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Books of Saul

The world of American authors is filled with stories of success long denied.

None is more striking than that of John Saul.

Now 64, Saul has seen 27 of his books hit print (that last one, “Perfect Nightmare,” comes out in paperback April 25), and a 28th – “In the Dark of the Night” (Ballantine, 352 pages, $25.95) – is due July 18.

But as with many would-be novelists, Saul spent years toiling, suffering one rejection after the next, before he finally found the right formula to fit his talents.

Saul, who splits time between homes in Seattle and Hawaii, is the writer of the moment for The Spokesman-Review Book Club. His 1982 novel “The God Project,” which touches on particularly familiar Saul themes – threats to children – is the club’s April read.

“The God Project” was Saul’s sixth book. His first, “Suffer the Children,” had appeared five years before as part of a gamble that editors at Dell had decided to take on an unknown, unproven writer.

Before that, Saul was the epitome of the struggling artist. He’d attended a number of colleges, including Montana State University, before stepping into the work world. But for every paycheck that went to pay rent, he typed dozens of pages of what he hoped would be his entry into the writer’s club.

Saul wrote for 15 years before Dell, after rejecting one manuscript, inquired whether he’d be interested in submitting something in modern horror, a genre that was just then becoming popular with books such as Stephen King’s “Carrie” and William Peter Blatty’s “The Exorcist.”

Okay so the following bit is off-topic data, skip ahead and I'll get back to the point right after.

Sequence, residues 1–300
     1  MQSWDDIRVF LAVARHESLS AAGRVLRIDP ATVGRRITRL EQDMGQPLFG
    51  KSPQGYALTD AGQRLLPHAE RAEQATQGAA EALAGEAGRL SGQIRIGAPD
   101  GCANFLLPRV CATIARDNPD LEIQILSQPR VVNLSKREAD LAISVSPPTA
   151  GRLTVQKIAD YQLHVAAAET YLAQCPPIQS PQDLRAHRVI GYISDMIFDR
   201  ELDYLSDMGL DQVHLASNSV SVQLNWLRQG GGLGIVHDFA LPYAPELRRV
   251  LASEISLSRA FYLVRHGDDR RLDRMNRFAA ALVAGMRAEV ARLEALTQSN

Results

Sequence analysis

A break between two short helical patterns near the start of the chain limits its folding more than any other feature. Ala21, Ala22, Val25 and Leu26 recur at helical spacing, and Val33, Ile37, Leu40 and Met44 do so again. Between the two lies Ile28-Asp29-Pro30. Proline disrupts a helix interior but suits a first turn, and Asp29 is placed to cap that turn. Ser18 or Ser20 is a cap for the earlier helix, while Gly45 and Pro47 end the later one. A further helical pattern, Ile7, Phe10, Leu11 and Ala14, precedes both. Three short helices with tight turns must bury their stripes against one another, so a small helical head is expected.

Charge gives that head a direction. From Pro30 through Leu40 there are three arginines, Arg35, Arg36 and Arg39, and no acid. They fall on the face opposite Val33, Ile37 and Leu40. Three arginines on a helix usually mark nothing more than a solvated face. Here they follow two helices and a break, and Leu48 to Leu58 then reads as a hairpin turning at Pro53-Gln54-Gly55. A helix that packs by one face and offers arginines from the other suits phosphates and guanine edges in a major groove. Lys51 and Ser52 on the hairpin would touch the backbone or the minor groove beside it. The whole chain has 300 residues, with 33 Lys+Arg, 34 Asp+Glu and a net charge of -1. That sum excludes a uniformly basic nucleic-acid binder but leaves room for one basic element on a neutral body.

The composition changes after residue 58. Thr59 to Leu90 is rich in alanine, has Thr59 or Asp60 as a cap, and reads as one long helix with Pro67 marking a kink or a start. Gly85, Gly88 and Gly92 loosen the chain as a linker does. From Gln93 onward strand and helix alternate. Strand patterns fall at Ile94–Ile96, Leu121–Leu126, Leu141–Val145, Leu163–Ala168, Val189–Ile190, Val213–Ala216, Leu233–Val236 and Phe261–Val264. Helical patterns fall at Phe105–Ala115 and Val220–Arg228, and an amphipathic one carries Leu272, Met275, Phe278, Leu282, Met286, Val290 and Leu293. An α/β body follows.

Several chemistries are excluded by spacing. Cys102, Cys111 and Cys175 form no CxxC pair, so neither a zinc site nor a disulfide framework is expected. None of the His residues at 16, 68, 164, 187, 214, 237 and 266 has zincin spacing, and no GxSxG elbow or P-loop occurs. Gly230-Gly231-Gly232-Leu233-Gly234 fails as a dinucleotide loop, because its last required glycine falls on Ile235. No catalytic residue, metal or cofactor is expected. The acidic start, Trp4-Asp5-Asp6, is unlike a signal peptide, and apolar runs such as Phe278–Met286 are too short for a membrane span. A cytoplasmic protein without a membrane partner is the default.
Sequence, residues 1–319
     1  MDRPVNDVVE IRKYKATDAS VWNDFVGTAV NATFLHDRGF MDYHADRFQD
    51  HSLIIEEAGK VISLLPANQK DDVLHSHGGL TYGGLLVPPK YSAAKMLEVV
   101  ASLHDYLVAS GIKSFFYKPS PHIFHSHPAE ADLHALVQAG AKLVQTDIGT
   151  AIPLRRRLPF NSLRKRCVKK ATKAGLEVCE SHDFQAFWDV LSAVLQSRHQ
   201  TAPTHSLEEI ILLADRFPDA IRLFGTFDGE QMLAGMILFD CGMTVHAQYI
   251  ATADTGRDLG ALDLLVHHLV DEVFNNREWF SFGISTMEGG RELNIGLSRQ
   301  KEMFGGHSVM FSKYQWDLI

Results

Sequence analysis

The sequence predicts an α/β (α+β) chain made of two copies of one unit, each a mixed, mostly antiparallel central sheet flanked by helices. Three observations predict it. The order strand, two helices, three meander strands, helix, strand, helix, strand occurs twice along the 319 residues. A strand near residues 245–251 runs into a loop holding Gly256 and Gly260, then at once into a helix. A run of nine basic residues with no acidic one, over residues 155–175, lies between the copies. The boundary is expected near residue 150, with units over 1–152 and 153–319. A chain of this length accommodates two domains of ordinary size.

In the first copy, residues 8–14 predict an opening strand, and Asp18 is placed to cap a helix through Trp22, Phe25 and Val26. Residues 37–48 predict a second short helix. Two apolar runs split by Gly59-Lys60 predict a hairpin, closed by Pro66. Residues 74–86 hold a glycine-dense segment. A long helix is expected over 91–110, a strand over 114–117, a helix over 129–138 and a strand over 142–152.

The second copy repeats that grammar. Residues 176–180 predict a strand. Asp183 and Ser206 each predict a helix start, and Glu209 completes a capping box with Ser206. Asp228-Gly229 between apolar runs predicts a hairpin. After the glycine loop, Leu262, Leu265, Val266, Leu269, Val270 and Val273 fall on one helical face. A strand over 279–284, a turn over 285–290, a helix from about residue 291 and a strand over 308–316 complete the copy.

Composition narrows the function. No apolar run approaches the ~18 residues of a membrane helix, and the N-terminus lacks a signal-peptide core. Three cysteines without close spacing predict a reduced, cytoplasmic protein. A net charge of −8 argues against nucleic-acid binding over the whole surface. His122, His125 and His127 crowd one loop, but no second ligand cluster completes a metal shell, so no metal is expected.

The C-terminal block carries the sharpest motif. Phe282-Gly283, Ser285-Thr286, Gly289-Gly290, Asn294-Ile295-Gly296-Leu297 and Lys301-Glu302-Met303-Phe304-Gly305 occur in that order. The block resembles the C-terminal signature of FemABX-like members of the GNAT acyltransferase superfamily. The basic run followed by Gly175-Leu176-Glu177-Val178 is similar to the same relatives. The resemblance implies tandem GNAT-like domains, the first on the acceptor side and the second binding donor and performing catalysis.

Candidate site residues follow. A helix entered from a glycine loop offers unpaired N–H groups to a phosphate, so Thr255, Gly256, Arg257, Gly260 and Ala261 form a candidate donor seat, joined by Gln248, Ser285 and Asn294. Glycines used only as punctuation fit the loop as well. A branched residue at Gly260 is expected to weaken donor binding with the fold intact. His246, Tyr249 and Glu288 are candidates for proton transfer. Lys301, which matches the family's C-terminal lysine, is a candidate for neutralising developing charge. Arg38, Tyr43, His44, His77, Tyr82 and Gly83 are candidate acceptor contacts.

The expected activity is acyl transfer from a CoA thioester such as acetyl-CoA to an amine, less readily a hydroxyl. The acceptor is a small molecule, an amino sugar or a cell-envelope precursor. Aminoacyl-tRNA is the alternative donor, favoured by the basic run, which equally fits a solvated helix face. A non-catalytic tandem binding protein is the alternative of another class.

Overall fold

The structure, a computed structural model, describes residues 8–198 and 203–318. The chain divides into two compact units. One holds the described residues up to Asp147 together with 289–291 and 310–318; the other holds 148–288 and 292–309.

“Dell was looking for someone to compete with Steve King (as if anyone could),” Saul said in a 1997 interview on bookreporter.com. “I got the job and have been happily at it ever since.”

“Suffer the Children” ended up making a number of best-seller lists, reaching the top spot in Canada.

And that was just the beginning. Every one of Saul’s subsequent books, which range from studies of the supernatural to straight psychological thrillers, has been a best-seller.

The descriptions that have been applied to most of them are similar: “(a) hair raiser worth your time (Playboy), “creepily compelling” (Kirkus Reviews), “tantalizing” (San Francisco Chronicle), “all the right scares in all the right places” (Seattle Times), “a finale that Cecil B. DeMille would have died for” (Los Angeles Times), “Mr. Saul is a skillful writer” (New York Times).

“The God Project” tells the story of small-town Massachusetts and what happens when children start turning up dead. One mother, as a way of handling her grief over what appears to be a case of SIDS, looks closer at her baby’s death.

What she discovers leads to suspicions of a conspiracy that involves a number of children, either dead or gone missing. In the process, the book ends up exploring an issue that has made plenty of headlines in the two decades since the book’s publication: genetic manipulation.

That’s John Saul. He may have come to the literary party late, but he’s worked hard to make up for it.



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